A day after the winter session of Parliament ended, the government on Wednesday decided to move ahead with reforms on further opening up the insurance sector and auctioning of coal mines as “the country can no longer wait”.
At a meeting chaired by Prime Minister Narendra Modi, the Union Cabinet on Wednesday approved promulgation of an ordinance on the Insurance Laws (Amendment) Bill, 2008 to enhance the foreign investment limit in the sector to 49 per cent as well as re-promulgation of an ordinance along with necessary guidelines to initiate the process to auction 24 coal mines from Thursday.
The two Bills were stalled in the Rajya Sabha in the winter session due to a logjam between the treasury and Opposition benches. While the Coal Mines (Special Provisions) Bill, 2014, had been approved by the Lok Sabha and was awaiting approval from the Rajya Sabha, the Insurance Laws (Amendment) Bill could not be taken up for consideration and passage in the Rajya Sabha despite the select committee submitting its report.
“The ordinance (on insurance) demonstrates the firm commitment and determination of this government to reforms. It also announces to the rest of the world, including investors, that this country can no longer wait even if one of the houses of Parliament waits indefinitely to take up its agenda,” Finance Minister Arun Jaitley told reporters after the Cabinet meeting, indicating that the government could also go ahead with a joint session of Parliament if the Bill is stalled once again in the Budget Session.
Opposition parties, including Congress, Trinamool Congress and the CPI(M), slammed the government’s move as “unethical” and termed it as an attempt to subvert established institutions. CPI(M)’s Sitaram Yechury wrote to President Pranab Mukherjee asking him not to sanction the ordinances, saying the move was a clear violation of parliamentary norms. “I am sincerely requesting you to intervene in order to ‘nip in the bud’ such tendencies which may result in imposing an authoritarian manner of parliamentary functioning. This would be completely antithetical to the letter and spirit of our constitutionally established parliamentary democracy,” Yechury said in his letter.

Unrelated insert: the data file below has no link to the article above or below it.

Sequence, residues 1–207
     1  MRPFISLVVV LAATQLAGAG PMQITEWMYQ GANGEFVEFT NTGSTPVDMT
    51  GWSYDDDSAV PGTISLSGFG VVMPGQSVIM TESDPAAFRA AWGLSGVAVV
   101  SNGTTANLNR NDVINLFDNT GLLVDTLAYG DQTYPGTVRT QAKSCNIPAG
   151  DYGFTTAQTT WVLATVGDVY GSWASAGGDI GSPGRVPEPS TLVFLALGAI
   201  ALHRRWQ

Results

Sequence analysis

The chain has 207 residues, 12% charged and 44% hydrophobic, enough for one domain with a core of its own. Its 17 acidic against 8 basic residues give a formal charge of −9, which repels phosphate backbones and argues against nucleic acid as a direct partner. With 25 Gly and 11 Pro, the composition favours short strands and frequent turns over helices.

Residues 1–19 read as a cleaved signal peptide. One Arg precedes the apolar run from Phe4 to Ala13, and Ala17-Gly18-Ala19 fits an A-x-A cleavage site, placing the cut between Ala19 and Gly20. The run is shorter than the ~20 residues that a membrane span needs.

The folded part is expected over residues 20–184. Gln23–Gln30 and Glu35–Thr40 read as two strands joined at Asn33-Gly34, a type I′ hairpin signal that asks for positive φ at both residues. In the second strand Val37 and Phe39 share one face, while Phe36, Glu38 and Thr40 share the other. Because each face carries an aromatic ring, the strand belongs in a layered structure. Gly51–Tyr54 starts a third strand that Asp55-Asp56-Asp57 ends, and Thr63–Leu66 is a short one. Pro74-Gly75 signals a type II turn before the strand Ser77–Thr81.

Congress spokesperson Shakeel Ahmad said his party was against ‘Ordinance Raj’. “Ordinances are issued when there is an emergency situation,” he noted.
Trinamool MP Derek O’Brien said it was extremely unethical to avoid and bypass the democratic process. A day earlier, he told The Indian Express that should the government take the ordinance route, his party would vote against its passage in the Rajya Sabha.
Noting that “stalemate and obstructionism cannot go on in perpetuity”, Jaitley said: “If Parliament is not allowed to function, the framers of the Constitution had made provisions so that decision-making does not come to a halt.” While he did not openly refer to a joint session, he stressed that there is a mechanism even if one of the Houses does not pass a measure. When asked about the urgency to promulgate an ordinance on the insurance law, Jaitley said, “There has been too much delay. That is why there is urgency.”
Enhancing the FDI cap to 49 per cent from the current 26 per cent in the insurance sector is expected to bring in over $ 6 billion in capital inflows into the sector, allowing the 52 insurance companies to enhance their capital base and improve penetration. Similarly, the re-promulgation of the coal ordinance will enable the government to go ahead with the process to e-auction 24 mines from Thursday, which would enrich the coffers of mineral-rich states by an estimated Rs 7 lakh crore. The Centre had originally promulgated the coal ordinance in October 2014.